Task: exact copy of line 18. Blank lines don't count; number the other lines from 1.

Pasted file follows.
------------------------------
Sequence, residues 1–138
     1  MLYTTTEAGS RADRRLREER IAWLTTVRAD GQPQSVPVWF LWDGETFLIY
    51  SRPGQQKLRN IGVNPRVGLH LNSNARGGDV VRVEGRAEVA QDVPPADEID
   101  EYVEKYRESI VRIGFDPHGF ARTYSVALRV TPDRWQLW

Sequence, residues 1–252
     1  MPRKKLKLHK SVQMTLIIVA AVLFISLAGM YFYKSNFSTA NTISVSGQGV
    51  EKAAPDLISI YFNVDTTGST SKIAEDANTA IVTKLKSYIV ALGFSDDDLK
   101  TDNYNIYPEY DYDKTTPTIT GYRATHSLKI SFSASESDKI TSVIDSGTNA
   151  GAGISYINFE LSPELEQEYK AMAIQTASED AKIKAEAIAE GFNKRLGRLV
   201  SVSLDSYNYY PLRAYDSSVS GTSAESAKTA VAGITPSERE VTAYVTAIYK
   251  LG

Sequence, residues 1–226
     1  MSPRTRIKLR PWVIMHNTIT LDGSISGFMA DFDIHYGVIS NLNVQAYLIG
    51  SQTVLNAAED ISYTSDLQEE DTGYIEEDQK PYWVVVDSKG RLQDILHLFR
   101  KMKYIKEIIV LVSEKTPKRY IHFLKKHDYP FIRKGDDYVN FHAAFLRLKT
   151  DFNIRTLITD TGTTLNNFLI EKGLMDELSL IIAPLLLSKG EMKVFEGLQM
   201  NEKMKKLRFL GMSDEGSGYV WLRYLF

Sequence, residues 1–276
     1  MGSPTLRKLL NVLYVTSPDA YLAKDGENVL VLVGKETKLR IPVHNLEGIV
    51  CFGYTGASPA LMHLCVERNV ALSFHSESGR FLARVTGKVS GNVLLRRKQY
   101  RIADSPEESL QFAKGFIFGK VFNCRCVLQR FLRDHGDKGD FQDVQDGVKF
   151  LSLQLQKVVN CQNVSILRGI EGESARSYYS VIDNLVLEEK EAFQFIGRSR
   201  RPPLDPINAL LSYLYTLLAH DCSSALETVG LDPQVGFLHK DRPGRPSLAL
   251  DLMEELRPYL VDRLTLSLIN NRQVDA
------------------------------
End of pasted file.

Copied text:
Sequence, residues 1–276